Great advantages of MRI are the spatial resolution—which is sufficient to differentiate between subendocardial and subepicardial perfusion, the simplicity of test (takes less than half an hour), the use of non ionising energies, and the reduced operator dependency if a semiquantitative computerised post-processing of images is adopted.
The technique appears to be sensitive enough to evaluate benefits after revascularisation where the improvement of perfusion reserve has been shown to be higher after coronary stenting then after balloon angioplasty alone (4).
Furthermore this new technique will likely open the possibility for assessing myocardial perfusion in a number of challenging pathophisiological situations such as in transplanted hearts or to verify the improvement of regional perfusion after therapeutical procedures such as after intramyocardial implantation of bone marrow cells (5-6).
While multicenter trials are under way to assess the diagnostic accuracy on a large amount of patients, in many Centers, this non invasive approach is already performed routinely as an alternative to the other tests. Furthermore, pilot studies are testing MRI-perfusion as an efficient tool beside the emergency room for the diagnosis of acute coronary syndrome (7).
The promising results obtained up to now, enforce the idea that the evaluation of perfusion by MRI in combination with conventional parameters -especially myocardial function- may further increase diagnostic accuracy in coronary artery disease.
The content of this article reflects the personal opinion of the author/s and is not necessarily the official position of the European Society of Cardiology.
1) Al-Saadi N, Nagel E, Gross M, Bornstedt A et Al. Non invasive detection of myocardial ischemia from perfusion reserve based on cardiovascular magnetic resonance. Circulation 2000; 101:1379-1383. http://www.ncbi.nlm.nih.gov/entrez/query.fcgi?cmd=Retrieve&db=PubMed&list_uids=10736280&dopt=Abstract
2) Schwitter J, Nanz D, Kneifel S, Bertschinger K et Al. Assessment of myocardial perfusion in coronary artery disease by magnetic resonance: a comparison with positron emission tomography and coronary angiography. Circulation 2001; 103:2230-2235. http://www.ncbi.nlm.nih.gov/entrez/query.fcgi?cmd=Retrieve&db=PubMed&list_uids=11342469&dopt=Abstract
3) Nagel E, Klein C, Paetsch I, Hettwer S et Al. Magnetic resonance perfusion measurements for the non-invasive detection of coronary artery disease. Circulation 2003; 108: 432-437. http://www.ncbi.nlm.nih.gov/entrez/query.fcgi?cmd=Retrieve&db=PubMed&list_uids=12860910&dopt=Abstract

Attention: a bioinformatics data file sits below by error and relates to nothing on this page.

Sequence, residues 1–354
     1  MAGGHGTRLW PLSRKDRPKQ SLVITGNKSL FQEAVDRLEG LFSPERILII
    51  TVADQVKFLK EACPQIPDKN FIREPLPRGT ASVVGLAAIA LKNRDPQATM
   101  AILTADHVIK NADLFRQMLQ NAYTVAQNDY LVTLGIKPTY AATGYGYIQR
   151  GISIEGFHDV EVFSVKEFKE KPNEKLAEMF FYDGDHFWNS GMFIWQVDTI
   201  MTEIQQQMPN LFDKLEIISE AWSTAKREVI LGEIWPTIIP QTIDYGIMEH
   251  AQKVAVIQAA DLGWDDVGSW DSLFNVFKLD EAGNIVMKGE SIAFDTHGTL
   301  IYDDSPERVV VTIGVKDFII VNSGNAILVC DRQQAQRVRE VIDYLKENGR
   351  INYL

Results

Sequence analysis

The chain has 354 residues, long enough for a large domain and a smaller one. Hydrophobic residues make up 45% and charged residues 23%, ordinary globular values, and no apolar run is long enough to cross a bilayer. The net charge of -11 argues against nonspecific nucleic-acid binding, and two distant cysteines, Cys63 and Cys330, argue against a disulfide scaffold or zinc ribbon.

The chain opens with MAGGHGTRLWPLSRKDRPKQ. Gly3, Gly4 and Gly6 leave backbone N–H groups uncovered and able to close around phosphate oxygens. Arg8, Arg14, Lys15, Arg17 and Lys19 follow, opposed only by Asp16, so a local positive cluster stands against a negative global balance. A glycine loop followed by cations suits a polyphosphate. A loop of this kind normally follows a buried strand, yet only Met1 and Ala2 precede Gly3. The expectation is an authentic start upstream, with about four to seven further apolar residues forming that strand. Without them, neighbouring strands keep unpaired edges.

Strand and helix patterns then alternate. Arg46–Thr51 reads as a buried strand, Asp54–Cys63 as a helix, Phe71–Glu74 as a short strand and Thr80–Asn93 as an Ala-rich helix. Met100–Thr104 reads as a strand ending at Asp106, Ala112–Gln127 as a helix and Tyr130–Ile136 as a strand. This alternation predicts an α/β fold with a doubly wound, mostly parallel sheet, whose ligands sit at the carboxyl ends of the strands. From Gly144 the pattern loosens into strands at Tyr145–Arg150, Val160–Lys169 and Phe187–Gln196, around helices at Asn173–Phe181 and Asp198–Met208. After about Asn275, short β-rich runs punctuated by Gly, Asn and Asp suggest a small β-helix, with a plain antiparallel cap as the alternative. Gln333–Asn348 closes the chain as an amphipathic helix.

4) Al-Saadi N, Nagel E, Gross M, Schnackenburg B, Paetsch I, Klein C, Fleck E. Improvement of myocardial perfusion reserve early after coronary intervention: assessment with cardiac magnetic resonance imaging. J Am Coll Cardiol. 2000 Nov 1;36(5):1557-64. http://www.ncbi.nlm.nih.gov/entrez/query.fcgi?cmd=Retrieve&db=PubMed&list_uids=12860910&dopt=Abstract
5) Tse HF, Kwong YL, Chan JK, Lo G, Ho CL, Lau CP Angiogenesis in ischaemic myocardium by intramyocardial autologous bone marrow mononuclear cell implantation. Lancet. 2003 Jan 4;361(9351):47-9. http://www.ncbi.nlm.nih.gov/entrez/query.fcgi?cmd=Retrieve&db=PubMed&list_uids=12517468&dopt=Abstract
6) Muehling OM, Wilke NM, Panse P, Jerosch-Herold M, Wilson BV, Wilson RF, Miller LW. Reduced myocardial perfusion reserve and transmural perfusion gradient in heart transplant arteriopathy assessed by magnetic resonance imaging. J Am Coll Cardiol. 2003 Sep 17;42(6):1054-60. http://www.ncbi.nlm.nih.gov/entrez/query.fcgi?cmd=Retrieve&db=PubMed&list_uids=13678930&dopt=Abstract
7) Kwong RY, Schussheim AE, Rekhraj S, et Al.. Detecting acute coronary syndrome in the emergency department with cardiac magnetic resonance imaging. Circulation. 2003 ;107:531-7. http://www.ncbi.nlm.nih.gov/entrez/query.fcgi?CMD=search&DB=PubMed
Dr M. Lombardi Pisa, Italy Member of the ESC Working Group on Cardiovascular Magnetic Resonance.
Massimo Lombardi, MD Director Cardiovascular Magnetic Resonance Laboratory CNR, Clinical Physiology Institute Research Campus - Via Moruzzi, 1 56124 - Pisa Phone: +39 050 315 2818 Fax: +39 050 315 2166 e-mail: email@example.com